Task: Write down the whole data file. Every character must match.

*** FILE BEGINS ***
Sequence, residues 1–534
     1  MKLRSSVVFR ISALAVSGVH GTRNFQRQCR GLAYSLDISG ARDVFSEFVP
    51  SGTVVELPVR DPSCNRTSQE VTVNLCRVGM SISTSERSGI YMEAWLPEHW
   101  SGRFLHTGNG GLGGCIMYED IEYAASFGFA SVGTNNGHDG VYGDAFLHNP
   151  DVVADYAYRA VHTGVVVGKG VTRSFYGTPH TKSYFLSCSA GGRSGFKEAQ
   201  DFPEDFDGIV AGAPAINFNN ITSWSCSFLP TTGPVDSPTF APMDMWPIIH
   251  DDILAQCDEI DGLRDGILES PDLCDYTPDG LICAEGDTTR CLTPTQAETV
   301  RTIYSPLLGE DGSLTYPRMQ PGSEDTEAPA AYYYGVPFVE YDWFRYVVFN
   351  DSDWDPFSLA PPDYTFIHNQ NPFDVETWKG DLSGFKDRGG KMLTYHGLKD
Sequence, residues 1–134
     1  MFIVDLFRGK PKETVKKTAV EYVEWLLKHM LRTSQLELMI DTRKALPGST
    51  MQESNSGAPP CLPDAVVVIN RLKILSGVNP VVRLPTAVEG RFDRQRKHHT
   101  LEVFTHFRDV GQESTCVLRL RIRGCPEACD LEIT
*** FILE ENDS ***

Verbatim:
Sequence, residues 1–534
     1  MKLRSSVVFR ISALAVSGVH GTRNFQRQCR GLAYSLDISG ARDVFSEFVP
    51  SGTVVELPVR DPSCNRTSQE VTVNLCRVGM SISTSERSGI YMEAWLPEHW
   101  SGRFLHTGNG GLGGCIMYED IEYAASFGFA SVGTNNGHDG VYGDAFLHNP
   151  DVVADYAYRA VHTGVVVGKG VTRSFYGTPH TKSYFLSCSA GGRSGFKEAQ
   201  DFPEDFDGIV AGAPAINFNN ITSWSCSFLP TTGPVDSPTF APMDMWPIIH
   251  DDILAQCDEI DGLRDGILES PDLCDYTPDG LICAEGDTTR CLTPTQAETV
   301  RTIYSPLLGE DGSLTYPRMQ PGSEDTEAPA AYYYGVPFVE YDWFRYVVFN
   351  DSDWDPFSLA PPDYTFIHNQ NPFDVETWKG DLSGFKDRGG KMLTYHGLKD
Sequence, residues 1–134
     1  MFIVDLFRGK PKETVKKTAV EYVEWLLKHM LRTSQLELMI DTRKALPGST
    51  MQESNSGAPP CLPDAVVVIN RLKILSGVNP VVRLPTAVEG RFDRQRKHHT
   101  LEVFTHFRDV GQESTCVLRL RIRGCPEACD LEIT